To counteract the loss of flux and/or salt rejection experienced upon drying the membranes at temperatures above 60.degree. C., tertiary or quaternary organic amine salts have been incorporated into the membrane manufacturing process. In the present invention, unsubstituted inorganic ammonium cation salts of acids have been found to be just as effective, if not more so, in preventing a reduction of the flux and salt rejection properties of the membrane. Unsubstituted inorganic ammonium cation salts of acids refers solely to NH.sub.4.sup.+ salts of acids.
The acids may be inorganic oxo acids such as sulfuric or phosphoric acid or organic acids such as aliphatic or aromatic carboxylic or sulfonic acids. Preferably, the acids are non-volatile and have boiling points greater than about 120.degree. C. The preferred additives are the unsubstituted ammonium salts of organic carboxylic or sulfonic acids such as, for example, citric acid, gluconic acid or camphorsulfonic acid. The unsubstituted ammonium salt is introduced either as a liquid, a solid or, preferably, in an aqueous solution.
The additive is incorporated into the process either before or after the membrane is formed.
In one embodiment, the microporous support is coated with a first aqueous solution containing about 0.25 to about 10 weight percent, preferably about 1 to about 8 weight percent of the unsubstituted inorganic ammonium cation salt of an acid. The pH of the first aqueous solution is adjusted to at least 5.5 by controlling the concentration of the unsubstituted inorganic ammonium cation salt or by adding the acid and controlling the amount of ammonium reagent, e.g., NH.sub.4 OH, used to neutralize the acid. The microporous support is then coated with a second aqueous solution containing the polyamine reactant. The coating amounts are generally adjusted so that the weight ratio of ammonium salt to polyamine reactant is about 0.1 to 4.0, preferably about 0.5 to 3.5.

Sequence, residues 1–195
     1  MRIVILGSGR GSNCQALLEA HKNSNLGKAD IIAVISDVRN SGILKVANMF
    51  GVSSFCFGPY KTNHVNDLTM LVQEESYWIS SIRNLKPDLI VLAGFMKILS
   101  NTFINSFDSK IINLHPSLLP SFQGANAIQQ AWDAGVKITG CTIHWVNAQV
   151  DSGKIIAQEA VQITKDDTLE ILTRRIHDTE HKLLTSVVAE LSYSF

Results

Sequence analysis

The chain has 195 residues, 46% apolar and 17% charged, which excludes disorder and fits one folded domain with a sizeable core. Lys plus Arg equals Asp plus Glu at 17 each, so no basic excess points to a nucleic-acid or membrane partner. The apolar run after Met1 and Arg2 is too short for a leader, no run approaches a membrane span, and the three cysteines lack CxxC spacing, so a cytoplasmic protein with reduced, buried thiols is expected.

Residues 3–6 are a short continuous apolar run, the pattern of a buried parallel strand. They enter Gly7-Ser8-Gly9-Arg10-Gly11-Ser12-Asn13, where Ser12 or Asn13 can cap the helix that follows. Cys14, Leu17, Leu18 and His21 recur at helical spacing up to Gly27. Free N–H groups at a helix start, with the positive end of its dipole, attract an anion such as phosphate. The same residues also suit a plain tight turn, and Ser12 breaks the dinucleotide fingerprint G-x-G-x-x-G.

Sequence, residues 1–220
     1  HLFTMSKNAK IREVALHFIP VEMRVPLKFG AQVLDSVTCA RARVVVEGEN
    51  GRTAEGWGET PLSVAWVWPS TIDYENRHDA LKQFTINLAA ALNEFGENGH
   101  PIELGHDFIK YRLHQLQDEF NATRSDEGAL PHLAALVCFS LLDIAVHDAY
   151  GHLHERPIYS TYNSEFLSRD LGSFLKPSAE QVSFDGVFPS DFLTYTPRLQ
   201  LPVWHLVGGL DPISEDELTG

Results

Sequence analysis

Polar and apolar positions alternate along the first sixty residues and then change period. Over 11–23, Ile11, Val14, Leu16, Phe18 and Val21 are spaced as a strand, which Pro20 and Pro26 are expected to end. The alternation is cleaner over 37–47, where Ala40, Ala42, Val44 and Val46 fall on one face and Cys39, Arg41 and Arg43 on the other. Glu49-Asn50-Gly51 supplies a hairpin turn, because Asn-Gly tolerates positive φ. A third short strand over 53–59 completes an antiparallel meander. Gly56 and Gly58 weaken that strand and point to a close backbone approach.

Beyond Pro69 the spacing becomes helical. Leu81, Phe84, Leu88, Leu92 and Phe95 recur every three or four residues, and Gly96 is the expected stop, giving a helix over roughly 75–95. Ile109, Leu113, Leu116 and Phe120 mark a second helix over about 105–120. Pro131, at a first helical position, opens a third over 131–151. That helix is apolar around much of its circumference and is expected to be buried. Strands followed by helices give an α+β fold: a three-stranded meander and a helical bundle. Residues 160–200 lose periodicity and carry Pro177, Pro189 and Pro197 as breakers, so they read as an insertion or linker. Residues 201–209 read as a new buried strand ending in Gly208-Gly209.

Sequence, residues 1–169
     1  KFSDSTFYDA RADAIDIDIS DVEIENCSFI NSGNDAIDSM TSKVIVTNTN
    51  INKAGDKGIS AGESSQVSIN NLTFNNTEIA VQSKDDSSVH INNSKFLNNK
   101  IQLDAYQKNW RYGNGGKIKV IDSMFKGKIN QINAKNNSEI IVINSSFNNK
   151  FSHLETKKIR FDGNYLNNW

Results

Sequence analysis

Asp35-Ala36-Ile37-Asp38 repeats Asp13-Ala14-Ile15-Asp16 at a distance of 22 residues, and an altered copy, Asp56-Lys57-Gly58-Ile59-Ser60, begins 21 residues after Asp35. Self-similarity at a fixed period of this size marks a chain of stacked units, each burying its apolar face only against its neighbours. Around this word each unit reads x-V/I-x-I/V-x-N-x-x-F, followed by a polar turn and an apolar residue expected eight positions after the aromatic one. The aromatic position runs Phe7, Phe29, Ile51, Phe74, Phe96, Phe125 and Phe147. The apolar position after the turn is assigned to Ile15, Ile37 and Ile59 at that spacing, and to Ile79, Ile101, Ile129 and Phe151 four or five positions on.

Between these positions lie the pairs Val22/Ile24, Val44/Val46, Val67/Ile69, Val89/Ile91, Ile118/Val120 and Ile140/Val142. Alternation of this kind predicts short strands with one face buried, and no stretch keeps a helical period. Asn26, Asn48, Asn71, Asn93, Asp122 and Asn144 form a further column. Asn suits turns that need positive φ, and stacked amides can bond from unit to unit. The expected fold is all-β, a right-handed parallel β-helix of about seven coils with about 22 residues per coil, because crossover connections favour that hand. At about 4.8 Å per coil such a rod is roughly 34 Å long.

In order to save a step in the process, a single aqueous solution containing a combined 0.25 to 10 weight percent of the unsubstituted ammonium salt and the polyamine reactant is used. In this case the pH of the single aqueous solution is adjusted to at least 5.5 and the weight ratio of the unsubstituted ammonium salt to the polyamine reactant is also adjusted to about 0.1 to 4.0, preferably about 0.5 to 3.5.
The aqueous solutions are coated on the microporous substrates by any well known means such as dipping, spraying, roller coating or rod coating and are allowed to react for about 5 seconds to 10 minutes.
If desired, the aqueous solutions may contain a surfactant for improved results. The particular surfactant employed is not critical and includes such common surfactants as sodium dodecylbenzene sulfonate, sodium lauryl sulfate, sodium dodecylphenoxybenzene sulfonate or mixtures thereof. The surfactants are generally employed at a concentration of about 0.01 to 0.5 weight percent.
After forming a liquid layer containing the unsubstituted ammonium salt and the polyamine reactant on the microporous support, an organic solvent solution containing about 0.05 to 5.0 weight percent of a polyfunctional acyl halide is coated thereon and allowed to react for about 5 seconds to 10 minutes while the thin-film polyamide membrane is formed.
After each step of coating with the aqueous and organic solvent solutions, the excess solutions are drained off. After the last coating and draining step, the resulting membrane is dried in an oven at a temperature from about 60.degree. to about 120.degree. C.
Alternatively, the unsubstituted inorganic ammonium cation salt additive can be incorporated into the process after the membrane is formed but before it is dried. The treatment with the unsubstituted ammonium salt additive may be applied directly after recovering the membrane from the organic solvent solution or after the excess organic solution is removed and the membrane is washed. The membrane is contacted with an aqueous solution containing about 0.25 to about 10 weight percent, preferably about 1 to about 8 weight percent of the unsubstituted inorganic ammonium cation salt. As in the previous embodiment, this solution is contacted with the membrane by dipping, spraying, roller coating, etc., and the contact is maintained from about 5 seconds to 10 minutes. After treatment with the aqueous solution of unsubstituted inorganic ammonium cation salt additive, the membrane is drained and dried in an oven at a temperature from about 60.degree. to about 120.degree. C.
The following examples serve to illustrate the invention.EXAMPLE 1